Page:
ROBBEN ISLAND

In 1671 the Dutch began to imprison  convicted criminals on Robben Island. It was only a matter of time before this courtesy was extended to political prisoners and other “undesirables” banished to the Cape from other Dutch colonies. In fact the Dutch government sent kings, princes and religious leaders from the East Indies to Robben Island as prisoners because they did not agree with the Dutch rule in their country.When the British annexed the Cape in 1806 they continued this practice. During the first British occupation of the Cape, from 1795 to 1802, whaling activities were begun in Table Bay, and after their return in 1806 a whaling station was located on Robben Island. However it soon became apparent that this offered convicts an easy escape route, and it was closed down in 1820.

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PRISONERS ARRIVING AT ROBBEN ISLAND

 

In 1812 the first attempt was made to use the island as an asylum for the mentally ill, and in 1843 the Colonial Secretary, John Montagu, put forward a plan to use it as a colony for lepers, paupers, the mentally unfit and the chronically ill. The plan also provided for the removal of the penal colony to the mainland where convict labour could be used more productively on government projects, such as road-building. This plan was accepted and by 1845 the island had become a home for the Colony’s unwanted and unloved, those deemed to be ‘mentally ill’ in those days could include the homeless, alcoholics, people who were to sick or old to work and prostitutes with sexually transmitted diseases. Those unfortunates were often subjected to treatment, which was unhealthy and inhumane even by the standards of that time, and conditions on the island became the subject of constant complaint from progressive clergy and medical staff. Although some improvements were implemented over time, the island’s lazaretto was only closed down in 1931.

The lighthouse on Robben Island was commissioned in January 1865. The circular tower, designed by the Colonial Engineer, John Scott Tucker, was built in stone quarried locally, and stood 18m high. The 1875 census indicated that Robben Island had a population of 552. In 1891 this number had risen to 702, and by 1904 it stood at 1,460.

After 1931 all the ‘patients’ were sent to hospitals in the Cape and the island began to be used as a military outpost before WW II. Guns were stored there and the government built roads, a power station, a new water supply and houses.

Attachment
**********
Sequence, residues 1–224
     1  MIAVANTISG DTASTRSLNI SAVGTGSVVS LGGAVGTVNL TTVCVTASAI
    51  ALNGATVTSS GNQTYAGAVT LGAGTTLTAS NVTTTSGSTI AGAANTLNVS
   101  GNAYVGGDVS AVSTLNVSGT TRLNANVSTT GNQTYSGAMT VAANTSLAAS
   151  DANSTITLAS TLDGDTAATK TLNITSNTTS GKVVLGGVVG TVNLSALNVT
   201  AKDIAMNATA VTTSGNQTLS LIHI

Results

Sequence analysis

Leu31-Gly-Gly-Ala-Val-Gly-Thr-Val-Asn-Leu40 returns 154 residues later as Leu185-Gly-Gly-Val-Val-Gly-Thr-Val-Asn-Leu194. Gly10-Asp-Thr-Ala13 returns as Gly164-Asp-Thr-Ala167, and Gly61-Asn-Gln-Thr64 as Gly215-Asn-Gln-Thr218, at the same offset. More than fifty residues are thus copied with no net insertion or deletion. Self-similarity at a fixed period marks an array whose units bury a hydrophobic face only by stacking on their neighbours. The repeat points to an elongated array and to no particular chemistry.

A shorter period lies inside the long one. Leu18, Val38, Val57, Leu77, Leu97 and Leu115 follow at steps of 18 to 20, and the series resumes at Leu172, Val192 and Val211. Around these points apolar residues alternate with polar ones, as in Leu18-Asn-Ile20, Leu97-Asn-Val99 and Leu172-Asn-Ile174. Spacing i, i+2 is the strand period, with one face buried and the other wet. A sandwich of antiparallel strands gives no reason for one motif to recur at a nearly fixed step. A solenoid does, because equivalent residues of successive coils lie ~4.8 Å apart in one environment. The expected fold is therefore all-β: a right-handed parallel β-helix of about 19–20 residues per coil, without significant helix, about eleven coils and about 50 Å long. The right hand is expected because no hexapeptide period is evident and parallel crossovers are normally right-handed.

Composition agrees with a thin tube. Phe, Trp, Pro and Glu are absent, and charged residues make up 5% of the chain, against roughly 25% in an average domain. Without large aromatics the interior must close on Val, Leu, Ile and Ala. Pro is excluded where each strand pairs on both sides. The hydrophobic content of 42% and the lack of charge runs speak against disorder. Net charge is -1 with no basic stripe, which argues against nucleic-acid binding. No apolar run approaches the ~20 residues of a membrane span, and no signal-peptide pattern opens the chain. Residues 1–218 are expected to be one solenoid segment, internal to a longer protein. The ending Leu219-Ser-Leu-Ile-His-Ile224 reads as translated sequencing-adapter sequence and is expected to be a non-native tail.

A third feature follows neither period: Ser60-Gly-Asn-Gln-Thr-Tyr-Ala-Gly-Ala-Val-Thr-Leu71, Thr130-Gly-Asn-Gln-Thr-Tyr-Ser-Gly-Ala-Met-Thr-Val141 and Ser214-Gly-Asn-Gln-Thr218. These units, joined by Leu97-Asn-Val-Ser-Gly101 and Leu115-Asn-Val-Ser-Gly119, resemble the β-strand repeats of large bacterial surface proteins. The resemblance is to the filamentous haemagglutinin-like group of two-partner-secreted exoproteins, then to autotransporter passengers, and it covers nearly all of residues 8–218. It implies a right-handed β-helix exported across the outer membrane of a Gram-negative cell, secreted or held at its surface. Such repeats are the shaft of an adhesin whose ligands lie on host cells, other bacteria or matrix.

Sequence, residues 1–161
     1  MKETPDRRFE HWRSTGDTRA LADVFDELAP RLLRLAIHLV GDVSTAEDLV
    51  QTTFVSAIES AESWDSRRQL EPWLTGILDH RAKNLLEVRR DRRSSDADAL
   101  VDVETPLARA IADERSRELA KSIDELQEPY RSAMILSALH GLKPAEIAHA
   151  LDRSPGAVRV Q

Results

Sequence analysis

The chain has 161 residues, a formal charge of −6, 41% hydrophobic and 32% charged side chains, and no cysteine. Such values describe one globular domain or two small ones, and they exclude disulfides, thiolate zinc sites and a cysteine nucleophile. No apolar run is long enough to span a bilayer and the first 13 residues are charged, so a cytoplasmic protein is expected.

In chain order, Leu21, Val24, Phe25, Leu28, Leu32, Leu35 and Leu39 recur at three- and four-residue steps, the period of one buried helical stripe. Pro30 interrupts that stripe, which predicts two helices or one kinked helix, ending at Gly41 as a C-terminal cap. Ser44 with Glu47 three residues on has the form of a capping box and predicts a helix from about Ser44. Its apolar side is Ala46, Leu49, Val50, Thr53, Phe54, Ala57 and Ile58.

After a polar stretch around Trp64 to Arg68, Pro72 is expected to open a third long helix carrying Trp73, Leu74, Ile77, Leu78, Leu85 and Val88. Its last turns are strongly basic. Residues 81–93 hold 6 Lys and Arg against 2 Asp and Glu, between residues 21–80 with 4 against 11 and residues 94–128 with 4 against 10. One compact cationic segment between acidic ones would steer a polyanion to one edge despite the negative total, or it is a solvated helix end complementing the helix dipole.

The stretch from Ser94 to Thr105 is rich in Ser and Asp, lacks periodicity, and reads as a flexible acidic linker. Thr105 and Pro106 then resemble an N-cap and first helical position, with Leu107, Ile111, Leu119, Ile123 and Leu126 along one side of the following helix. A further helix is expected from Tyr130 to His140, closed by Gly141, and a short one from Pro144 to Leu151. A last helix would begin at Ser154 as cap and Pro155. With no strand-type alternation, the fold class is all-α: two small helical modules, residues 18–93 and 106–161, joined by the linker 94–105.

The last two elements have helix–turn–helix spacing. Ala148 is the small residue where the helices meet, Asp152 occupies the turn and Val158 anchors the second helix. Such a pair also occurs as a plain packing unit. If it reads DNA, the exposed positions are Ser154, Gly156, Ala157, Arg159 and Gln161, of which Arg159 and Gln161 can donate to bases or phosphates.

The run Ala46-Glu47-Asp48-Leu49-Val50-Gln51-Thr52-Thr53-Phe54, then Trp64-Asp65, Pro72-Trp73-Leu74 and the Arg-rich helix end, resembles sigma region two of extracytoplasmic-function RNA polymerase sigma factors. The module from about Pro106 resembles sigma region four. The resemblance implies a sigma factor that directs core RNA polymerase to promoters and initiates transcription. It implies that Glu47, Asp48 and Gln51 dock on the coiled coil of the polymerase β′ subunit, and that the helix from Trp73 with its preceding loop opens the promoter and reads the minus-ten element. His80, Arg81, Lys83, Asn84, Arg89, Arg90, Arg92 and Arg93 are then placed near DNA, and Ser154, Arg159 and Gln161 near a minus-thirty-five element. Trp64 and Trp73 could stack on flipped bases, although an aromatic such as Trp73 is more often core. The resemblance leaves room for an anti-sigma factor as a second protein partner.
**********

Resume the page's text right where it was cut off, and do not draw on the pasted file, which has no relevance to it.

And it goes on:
In 1961 it started being used as a prison again. During apartheid many Black people were kept on Robben Island as political prisoners. Former President Nelson Mandela was kept there. The prison internationally notorious for its harsh conditions and when the political prisoners of the apartheid government were released Robben Island became a symbol of the strength of the human spirit.

Robben Island was declared a World Heritage Site because the buildings on the island are a reminder of its sad history and because the same buildings also show the power of the human spirit, freedom and the victory of democracy over oppression.

 

 

 

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NELSON MANDELA VISITING HIS PRISON CELL

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ROBBEN ISLAND PRISONERS

 

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NELSON MANDELA’S PRISON ON ROBBEN ISLAND

On our third day into our journey in South Africa, we had the opportunity to visit Robben Island, where Nelson Mandela was imprisoned for 18 years, along with thousands of other political prisoners who opposed the apartheid regime. We started our visit by taking a ferry from the Cape Town waterfront out to the island. The boat ride itself was incredibly fun. Once we had sailed out into the middle of the bay, we had an incredible view of Table Mountain, looming over all of Cape Town. Robben Island itself was a very moving experience. An actual former political prisoner guided us through the prison. It was a very authentic experience to be able to experience the Island through the words of an actual former prisoner. We learned about the quarry where Madiba mined lime stone, as well as the courtyard where he and his fellow prisoners were forced into manual labor. We saw Mandela’s prison cell,a dramatic experience. Seeing the tiny, cold, dark cell where he spent 18 years of his life was  incredibly moving. It was very emotional to see in person all of the things that I have read about in Long Walk to Freedom.

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